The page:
Equities pushed to new all-time highs this week, led by a strong rally in the technology-laden Nasdaq. An earnings beat by Google (GOOG) that sent shares up double digits fueled the index’s move higher on Friday, pushing the index up while the broader market opened lower. Earlier in the week, Netflix (NFLX) beat earnings and shares jumped double digits. Several big name technology companies such as Amazon (AMZN) and Ebay (EBAY) saw solid single digit gains.
The financial sector didn’t see a market crushing week like technology but some financial ETFs including SPDR Financials (XLF) achieved a new 52-week highs. This happened in a week when major banks such as Bank of America (BAC), J.P. Morgan (JPM) and Citigroup (C) delivered earnings. Overall, the financial sector’s reports were good and the decline of litigation costs stemming from the 2008 financial crisis helped some firms beat their estimates. Citigroup also broke out to a new post-2009 high, signaling the potential for a major bullish breakout.
Federal Reserve Chair Janet Yellen gave testimony to Congress this week and signaled that higher rates are coming this year as long as economic data doesn’t deteriorate. The odds of a September rate hike are currently 50/50 in the futures market and the Fed may signal its move at its July 29th meeting. Long-term interest rates moved lower during the week, while short-term rates moved higher.
Greece is moving towards a third bailout after its parliament passed some tough reforms requested by European creditors. On Friday, Germany’s parliament approved the third bailout negotiation process. It is expected to take up to one month to reach a final deal. If an agreement is not reached, a Greek exit from the Eurozone would likely follow. The euro tumbled on the Greek passage of the initial phase of the deal and fell again when Germany gave its approval. For the week, European equities gained about 1 percent. WisdomTree European Hedged Equity (HEDJ), which hedges away euro exposure, gained more than 3 percent. The euro and U.S. Dollar Index are at their lowest and highest points, respectively, since late May. If they continue moving in the same direction, a test of their low and high for the year could come in August. Adding fuel to the dollar rally was the Canadian central bank, which made a surprise interest rate cut due to rising recession fears.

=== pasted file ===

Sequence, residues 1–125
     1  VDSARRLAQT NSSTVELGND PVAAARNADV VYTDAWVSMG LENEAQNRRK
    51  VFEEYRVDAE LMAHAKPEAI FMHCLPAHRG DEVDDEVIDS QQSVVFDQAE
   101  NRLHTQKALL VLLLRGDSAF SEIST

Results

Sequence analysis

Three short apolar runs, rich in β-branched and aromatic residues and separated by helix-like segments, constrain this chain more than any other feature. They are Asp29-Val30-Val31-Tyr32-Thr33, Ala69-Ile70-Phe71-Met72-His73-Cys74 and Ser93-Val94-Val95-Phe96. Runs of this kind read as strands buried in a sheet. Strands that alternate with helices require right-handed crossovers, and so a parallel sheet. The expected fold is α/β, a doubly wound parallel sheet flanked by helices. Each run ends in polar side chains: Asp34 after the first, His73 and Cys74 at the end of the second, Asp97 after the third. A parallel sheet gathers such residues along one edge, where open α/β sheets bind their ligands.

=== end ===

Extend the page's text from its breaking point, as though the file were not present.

China rebounded this week as the government rescue continued. Commodity prices didn’t move higher as West Texas Intermediate Crude sank to a $50 a barrel. If oil slides below $50, a test of the lows near $43 could follow. It couldn’t happen at a better time for U.S. drivers in peak driving season. Nevertheless, gasoline prices have yet to reflect the drop in crude prices.
Retail sales in June were down 0.3 percent but manufacturing and business data out this week was better than expected. Producer price inflation increased 0.4 percent, twice as what was expected. The consumer price index was in line with expectations, up 0.3 percent for the headline number and 0.2 percent for core inflation. Healthcare cost inflation slowed a bit in June, while housing costs increased. The decline in energy prices shaved about 1.2 percent off headline inflation.